Once the connection is made between the well-being of the state and the actions of its army or police, citizens may soon conclude that the army or the police can never be wrong. Title II of the Omnibus Crime Control Bill of 1968 provided for wiretapping of suspects and the use of this evidence in court without the consent of the accused. When some of us pointed out that wiretapping could be used against anyone, its defenders argued that the police would use it only against criminals. If you are not a criminal, so goes the argument, then you have nothing to fear from the police. If our primary aim is to make the work of the police easy, then we should give the police access to our houses, our mail, our telephones, our office desks, our private dresser drawers, and our closets. If we have nothing to hide, then who could object to opening all aspects of our lives to surveillance by the police? Surely they would use such investigative powers only for our good—namely, not against us but against others. That has been the reasoning of the defenders of no-knock police investigation. On reflection, the line of argument seems to come out of a nightmare, but such men exist, and they establish the first condition for guilt-free massacre. “Why would the police harm innocent men?” they ask, discounting both the fallability and corruptability of humans given latitude and power made legitimate by the state—a problem considered further in Chapter Sixteen.
In defining the second condition, we observe that groups such as the police or the army treat organizational grounds for action as superior to individual grounds for action. Individuals in a society sometimes have the nerve to stand up to organizations and claim that they, as individuals, are better and truer carriers of the values of the society than are the organizational arms. For example, those individuals who opposed slavery before 1860 often argued that the state was wrong. They argued that, in terms of the Declaration of Independence and the Constitution, slavery violated the basic values of the republic and ought, therefore, to be opposed or no longer tolerated by the various institutions of society. In this way the abolitionists asserted the legitimacy of their actions while casting doubt on the legitimacy of institutions that helped to perpetuate slavery. That same claim was made by individuals who, in the old Civil Rights movement, refused to comply with police orders that interfered with their right to register to vote. And the same claim is often made now by those who refuse induction into the army.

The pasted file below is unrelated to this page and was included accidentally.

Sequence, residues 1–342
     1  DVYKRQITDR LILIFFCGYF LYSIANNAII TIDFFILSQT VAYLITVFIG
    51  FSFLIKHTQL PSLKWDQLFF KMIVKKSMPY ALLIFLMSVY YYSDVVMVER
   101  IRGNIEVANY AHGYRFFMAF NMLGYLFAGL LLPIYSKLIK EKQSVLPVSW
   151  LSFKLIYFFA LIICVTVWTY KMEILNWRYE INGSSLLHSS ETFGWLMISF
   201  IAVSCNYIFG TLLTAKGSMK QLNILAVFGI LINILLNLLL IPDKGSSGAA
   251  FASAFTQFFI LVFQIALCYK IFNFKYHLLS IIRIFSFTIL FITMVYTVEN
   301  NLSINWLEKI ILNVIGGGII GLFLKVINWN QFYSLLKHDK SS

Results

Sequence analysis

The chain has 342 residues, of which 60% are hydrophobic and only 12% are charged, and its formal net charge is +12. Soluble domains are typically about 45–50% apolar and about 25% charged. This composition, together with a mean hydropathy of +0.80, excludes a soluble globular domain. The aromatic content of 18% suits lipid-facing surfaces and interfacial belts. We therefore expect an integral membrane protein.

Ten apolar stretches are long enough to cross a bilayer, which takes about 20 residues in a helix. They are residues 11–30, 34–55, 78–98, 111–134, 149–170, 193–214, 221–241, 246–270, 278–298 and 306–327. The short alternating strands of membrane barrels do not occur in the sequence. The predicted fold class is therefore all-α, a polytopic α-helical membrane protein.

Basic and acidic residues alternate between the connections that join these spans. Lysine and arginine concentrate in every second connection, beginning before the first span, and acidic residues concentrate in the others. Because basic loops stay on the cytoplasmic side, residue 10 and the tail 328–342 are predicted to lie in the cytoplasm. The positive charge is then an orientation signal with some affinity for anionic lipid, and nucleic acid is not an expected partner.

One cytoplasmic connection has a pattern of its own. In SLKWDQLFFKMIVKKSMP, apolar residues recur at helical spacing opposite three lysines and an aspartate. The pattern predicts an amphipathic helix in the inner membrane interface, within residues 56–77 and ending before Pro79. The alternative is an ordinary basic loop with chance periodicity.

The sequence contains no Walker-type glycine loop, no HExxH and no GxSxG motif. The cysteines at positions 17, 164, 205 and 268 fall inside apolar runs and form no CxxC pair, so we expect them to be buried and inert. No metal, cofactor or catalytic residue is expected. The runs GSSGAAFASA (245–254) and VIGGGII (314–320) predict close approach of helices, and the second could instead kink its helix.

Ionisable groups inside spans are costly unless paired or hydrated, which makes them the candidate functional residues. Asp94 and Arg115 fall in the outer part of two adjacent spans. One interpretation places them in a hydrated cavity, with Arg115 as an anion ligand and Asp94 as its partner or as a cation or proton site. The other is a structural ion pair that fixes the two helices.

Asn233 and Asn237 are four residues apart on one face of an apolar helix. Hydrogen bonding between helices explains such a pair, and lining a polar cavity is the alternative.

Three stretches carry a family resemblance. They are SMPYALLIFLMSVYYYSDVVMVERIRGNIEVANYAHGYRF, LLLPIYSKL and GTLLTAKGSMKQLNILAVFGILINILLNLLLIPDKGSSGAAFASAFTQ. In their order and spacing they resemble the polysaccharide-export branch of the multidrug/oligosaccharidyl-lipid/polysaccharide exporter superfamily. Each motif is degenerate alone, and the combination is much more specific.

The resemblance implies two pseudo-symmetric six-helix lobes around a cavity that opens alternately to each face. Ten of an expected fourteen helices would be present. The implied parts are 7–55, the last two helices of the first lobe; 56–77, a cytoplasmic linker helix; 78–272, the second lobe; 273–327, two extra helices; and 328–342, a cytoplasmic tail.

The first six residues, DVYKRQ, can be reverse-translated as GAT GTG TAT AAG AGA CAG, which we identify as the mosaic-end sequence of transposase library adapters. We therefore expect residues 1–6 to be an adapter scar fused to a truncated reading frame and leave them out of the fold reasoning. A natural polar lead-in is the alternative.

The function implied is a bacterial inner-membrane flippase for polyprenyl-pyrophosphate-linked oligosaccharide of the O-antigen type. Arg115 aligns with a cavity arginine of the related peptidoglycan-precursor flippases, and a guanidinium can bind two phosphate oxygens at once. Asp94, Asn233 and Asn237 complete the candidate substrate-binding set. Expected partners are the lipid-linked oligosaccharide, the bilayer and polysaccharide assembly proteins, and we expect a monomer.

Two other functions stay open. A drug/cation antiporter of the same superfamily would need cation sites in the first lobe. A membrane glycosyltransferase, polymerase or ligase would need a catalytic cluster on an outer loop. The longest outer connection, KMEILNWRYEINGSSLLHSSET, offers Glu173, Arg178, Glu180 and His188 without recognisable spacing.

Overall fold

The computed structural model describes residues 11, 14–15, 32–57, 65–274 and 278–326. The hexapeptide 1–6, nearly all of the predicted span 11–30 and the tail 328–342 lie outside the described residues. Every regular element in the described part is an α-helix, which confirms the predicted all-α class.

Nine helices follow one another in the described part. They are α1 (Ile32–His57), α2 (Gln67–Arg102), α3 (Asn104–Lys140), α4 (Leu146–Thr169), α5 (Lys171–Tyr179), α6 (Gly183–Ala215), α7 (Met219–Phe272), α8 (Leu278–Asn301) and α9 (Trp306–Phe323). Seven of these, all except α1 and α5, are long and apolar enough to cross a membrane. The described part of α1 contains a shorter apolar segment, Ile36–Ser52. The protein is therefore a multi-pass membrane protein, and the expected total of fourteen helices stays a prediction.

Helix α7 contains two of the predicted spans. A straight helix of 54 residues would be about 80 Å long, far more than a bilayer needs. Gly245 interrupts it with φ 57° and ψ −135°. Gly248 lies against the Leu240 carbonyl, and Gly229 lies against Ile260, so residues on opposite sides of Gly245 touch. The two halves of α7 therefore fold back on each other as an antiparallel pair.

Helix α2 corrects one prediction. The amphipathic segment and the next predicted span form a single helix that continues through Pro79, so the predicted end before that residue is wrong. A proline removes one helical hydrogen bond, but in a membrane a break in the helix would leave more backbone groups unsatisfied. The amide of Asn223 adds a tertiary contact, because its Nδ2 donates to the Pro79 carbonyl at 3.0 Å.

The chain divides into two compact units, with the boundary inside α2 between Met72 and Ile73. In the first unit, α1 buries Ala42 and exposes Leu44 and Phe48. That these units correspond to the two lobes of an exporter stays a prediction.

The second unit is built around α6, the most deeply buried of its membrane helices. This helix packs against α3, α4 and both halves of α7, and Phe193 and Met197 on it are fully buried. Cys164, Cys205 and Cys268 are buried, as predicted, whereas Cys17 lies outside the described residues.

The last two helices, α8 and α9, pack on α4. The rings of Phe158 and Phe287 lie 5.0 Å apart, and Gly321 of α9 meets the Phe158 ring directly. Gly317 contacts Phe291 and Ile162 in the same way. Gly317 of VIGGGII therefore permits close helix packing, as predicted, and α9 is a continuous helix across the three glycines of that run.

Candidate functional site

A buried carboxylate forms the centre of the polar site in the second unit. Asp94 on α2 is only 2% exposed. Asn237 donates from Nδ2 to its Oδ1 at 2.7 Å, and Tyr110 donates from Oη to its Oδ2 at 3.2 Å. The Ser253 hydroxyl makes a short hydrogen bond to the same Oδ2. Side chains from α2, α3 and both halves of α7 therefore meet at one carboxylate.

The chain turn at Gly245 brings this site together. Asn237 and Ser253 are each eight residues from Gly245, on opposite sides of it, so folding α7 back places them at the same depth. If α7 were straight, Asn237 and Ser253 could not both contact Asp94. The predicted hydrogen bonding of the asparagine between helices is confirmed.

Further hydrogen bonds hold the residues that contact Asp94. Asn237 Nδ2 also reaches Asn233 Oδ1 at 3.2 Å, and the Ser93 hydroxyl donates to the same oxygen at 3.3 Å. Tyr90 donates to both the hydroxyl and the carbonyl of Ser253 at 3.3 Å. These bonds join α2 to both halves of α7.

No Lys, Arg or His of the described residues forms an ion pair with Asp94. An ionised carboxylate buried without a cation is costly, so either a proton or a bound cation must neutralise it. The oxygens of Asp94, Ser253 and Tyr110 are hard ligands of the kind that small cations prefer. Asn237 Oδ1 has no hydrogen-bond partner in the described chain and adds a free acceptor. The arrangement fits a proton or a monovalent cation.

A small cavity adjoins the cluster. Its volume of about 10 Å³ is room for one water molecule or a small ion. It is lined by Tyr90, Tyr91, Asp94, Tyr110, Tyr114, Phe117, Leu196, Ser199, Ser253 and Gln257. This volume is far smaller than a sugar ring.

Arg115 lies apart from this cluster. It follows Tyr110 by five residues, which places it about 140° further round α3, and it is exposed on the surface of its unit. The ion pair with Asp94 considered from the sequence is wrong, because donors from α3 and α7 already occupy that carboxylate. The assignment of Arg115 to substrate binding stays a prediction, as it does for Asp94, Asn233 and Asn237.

However, those who equate the well-being of the state with the actions of its coercive arms effectively ignore the claims of individual moral superiority. For such people, the police and the army are right by definition, and the will of individuals must be subordinated to these organizations, which set internal standards of conduct in an attempt to stamp out individuality. In the military, uniforms are required and discipline is deified; insubordination becomes a most serious offense. In order to reinforce the notion of the superiority of organizational will to individual will, the army and the police regulate personal choices and social and political choices (such as where one can go, the content of one’s speech, and even whom one can meet).
In subordinating their will to that of the organization, members gain protection for all but the most egregious actions in the line of duty. As long as the individual is acting as a policeman or as a soldier, his actions are not individual but organizational. We can see these mechanisms when a policeman shoots a young black boy in the back and is excused on the ground of justifiable homicide. The same mechanism may operate on a larger scale.
The third condition for guilt-free massacre is a connection between whatever fragment remains of individual responsibility and the organization with its rules. Loyalty to the organization takes precedence over every other consideration, every other loyalty, every other morality, and individuals are ostracized for violation of this loyalty. In the Dreyfus case, Picquart was the subject of hatred and rebuke by army colleagues who saw him as one who placed the innocence of Dreyfus over loyalty to the army. At first, the army and the police require that individuals be subordinate only within the ranks. Next, however, they may define individual differences as suspicious at best and possibly traitorous.